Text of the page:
A former Assistant Garda Commissioner has been strongly criticised for "treating the Smithwick Tribunal with contempt" and failing to turn up to give evidence.

Kevin Carty, who retired last year from the force as an Assistant Commissioner, was written to by the tribunal several times this year.

He was called to appear today and although registered letters sent to his home in Celbridge were signed by him, he has not contacted the tribunal.

The tribunal was told that he does work for the United Nations and is based in Vienna.

In 2003 he was appointed as an advisor to the Independent Panel on Safety & Security for UN Personnel in Iraq.

He was later appointed to another body, the UN Security in Iraq Accountability Panel.

He met the tribunal staff in July 2007 and gave a statement to them.

He was then sent several letters this year asking him to come to give evidence or at least confirm that the statement he had given back in 2007 was accurate and sign it.

All the correspondence has been ignored despite the fact that a 'Kevin Carty' signed for the letters at his home in Celbridge.

Mr Carty was a Detective Inspector in March 1989 when two senior RUC officers, Chief Superintendent Harry Breen and Supt Bob Buchanan, were murdered by the IRA just minutes after leaving a meeting in Dundalk Garda Station.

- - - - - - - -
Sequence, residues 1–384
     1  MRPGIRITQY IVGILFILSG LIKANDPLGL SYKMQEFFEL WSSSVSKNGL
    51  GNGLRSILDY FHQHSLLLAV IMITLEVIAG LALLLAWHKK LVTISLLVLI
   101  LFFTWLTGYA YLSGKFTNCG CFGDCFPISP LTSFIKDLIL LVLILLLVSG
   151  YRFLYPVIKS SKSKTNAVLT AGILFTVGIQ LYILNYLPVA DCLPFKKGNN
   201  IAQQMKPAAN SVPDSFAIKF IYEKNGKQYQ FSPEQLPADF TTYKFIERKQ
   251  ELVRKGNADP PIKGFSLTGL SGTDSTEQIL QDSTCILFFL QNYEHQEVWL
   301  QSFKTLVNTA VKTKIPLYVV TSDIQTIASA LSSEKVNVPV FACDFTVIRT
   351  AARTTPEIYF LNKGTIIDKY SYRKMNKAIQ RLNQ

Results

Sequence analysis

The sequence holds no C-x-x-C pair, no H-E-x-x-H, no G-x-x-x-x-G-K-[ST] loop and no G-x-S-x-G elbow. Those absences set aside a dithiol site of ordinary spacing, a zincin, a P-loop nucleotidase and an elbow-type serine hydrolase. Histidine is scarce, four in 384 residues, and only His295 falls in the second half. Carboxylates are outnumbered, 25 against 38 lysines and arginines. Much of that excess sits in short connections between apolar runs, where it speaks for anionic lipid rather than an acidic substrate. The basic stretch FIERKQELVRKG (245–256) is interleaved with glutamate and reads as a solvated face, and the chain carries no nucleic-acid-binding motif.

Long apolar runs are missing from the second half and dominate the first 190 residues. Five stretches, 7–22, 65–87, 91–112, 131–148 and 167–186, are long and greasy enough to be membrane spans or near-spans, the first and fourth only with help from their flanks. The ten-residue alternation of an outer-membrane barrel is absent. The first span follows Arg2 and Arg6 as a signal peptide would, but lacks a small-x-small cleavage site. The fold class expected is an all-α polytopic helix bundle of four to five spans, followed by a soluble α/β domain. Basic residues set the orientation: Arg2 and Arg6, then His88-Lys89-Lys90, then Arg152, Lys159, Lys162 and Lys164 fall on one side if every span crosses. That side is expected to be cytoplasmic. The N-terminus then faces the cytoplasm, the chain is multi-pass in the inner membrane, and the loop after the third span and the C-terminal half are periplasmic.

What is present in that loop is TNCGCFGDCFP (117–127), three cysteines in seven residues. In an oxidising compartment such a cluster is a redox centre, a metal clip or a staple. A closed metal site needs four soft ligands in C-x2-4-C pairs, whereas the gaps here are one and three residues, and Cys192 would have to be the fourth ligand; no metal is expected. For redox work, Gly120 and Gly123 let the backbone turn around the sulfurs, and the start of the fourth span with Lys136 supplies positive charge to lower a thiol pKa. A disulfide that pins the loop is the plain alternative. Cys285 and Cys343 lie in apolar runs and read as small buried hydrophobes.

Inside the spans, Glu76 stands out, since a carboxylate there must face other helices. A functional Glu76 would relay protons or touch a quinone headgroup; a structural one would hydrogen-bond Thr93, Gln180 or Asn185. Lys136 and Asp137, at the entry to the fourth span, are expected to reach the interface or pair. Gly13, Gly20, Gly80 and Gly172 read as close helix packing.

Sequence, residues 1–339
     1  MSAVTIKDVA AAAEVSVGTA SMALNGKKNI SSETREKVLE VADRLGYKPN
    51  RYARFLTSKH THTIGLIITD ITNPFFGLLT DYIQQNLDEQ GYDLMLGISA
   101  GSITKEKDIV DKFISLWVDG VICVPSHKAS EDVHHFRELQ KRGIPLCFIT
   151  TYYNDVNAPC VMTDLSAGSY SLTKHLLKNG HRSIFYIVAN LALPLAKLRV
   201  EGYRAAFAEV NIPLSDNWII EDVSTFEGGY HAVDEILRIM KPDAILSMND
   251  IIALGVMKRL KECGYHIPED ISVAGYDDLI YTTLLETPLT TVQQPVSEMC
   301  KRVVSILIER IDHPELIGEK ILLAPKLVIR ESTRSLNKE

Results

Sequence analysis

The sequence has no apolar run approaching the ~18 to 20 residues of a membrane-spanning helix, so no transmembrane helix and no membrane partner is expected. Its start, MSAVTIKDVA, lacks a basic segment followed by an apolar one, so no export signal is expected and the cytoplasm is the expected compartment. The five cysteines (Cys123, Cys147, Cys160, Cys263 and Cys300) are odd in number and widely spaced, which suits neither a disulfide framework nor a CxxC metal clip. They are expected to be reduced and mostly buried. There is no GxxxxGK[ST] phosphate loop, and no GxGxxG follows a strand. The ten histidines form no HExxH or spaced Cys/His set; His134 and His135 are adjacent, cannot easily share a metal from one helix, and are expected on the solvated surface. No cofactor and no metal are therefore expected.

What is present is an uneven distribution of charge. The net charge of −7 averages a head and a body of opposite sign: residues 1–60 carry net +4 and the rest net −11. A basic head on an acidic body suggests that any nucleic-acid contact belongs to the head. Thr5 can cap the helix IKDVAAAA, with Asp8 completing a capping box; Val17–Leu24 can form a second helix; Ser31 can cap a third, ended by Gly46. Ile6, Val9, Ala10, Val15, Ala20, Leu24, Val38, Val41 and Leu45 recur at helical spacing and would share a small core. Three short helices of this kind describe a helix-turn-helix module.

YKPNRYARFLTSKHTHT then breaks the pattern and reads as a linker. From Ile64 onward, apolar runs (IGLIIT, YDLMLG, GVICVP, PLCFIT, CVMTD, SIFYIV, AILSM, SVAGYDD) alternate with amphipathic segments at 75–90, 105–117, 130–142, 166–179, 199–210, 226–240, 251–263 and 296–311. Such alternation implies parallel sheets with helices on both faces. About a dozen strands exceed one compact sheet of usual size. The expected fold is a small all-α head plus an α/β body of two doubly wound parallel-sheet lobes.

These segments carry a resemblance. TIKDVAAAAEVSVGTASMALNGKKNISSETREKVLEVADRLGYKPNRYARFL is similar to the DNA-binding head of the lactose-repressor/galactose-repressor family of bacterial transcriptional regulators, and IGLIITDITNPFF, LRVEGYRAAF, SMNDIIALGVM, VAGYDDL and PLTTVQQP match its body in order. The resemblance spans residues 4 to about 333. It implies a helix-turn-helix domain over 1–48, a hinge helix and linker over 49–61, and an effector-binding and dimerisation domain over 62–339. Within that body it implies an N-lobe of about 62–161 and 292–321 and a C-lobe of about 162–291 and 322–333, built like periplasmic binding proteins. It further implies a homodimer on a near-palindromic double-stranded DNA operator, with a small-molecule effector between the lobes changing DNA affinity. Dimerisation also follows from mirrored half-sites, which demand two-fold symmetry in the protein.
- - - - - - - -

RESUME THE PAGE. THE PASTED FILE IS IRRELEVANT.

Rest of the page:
Mr Carty assisted in an internal garda probe conducted in the days after the murder, questioning the gardaí in Dundalk on the day about whether there was a leak to the IRA.

Senior Counsel for the tribunal, Mary Laverty, said she was at a loss to explain why Mr Carty had not turned up.

She said she was aware that he was working in Vienna, but the letters had been signed for with the same name and signature.

Judge Smithwick said he was "very disappointed" that a former Garda Assistant Commissioner had ignored correspondence from the tribunal.

Counsel for the Garda Commissioner said Mr Carty had retired from the force in June of last year and was working in Vienna for "various international policing operations".

Judge Smithwick said it was very, very wrong for a former senior garda to treat the tribunal "with that sort of contempt".

He said he would offer Mr Carty an opportunity to appear and give his evidence, warning "I take a very, very strong view if he doesn't".

It was, the judge said, a great discourtesy to "totally ignore a summons sent to him".

Mr Carty, has been rescheduled to give evidence to the Smithwick Tribunal on 27 September.

James Kilcoyne at tribunal

A garda sergeant told the Smithwick Tribunal that if people were abducted, questioned and released by the IRA they would be unlikely to tell anyone about what happened.

Sgt James Kilcoyne from Carlingford said he did not know if Tom Oliver, a farmer from Cooley who was abducted and murdered by the IRA, had been kidnapped and released on an earlier occasion.

He said in the border community if someone was abducted and later released by the IRA they would not tell people about it.

Sgt Kilcoyne was also questioned by counsel for Freddie Scappaticci, the man who denies he was involved in the IRA internal security unit which murdered Mr Oliver.

Niall Mooney asked the witness that if someone was a garda informer would they not be likely to tell their handler they had been abducted.

The witness replied that it was not something he would be aware of.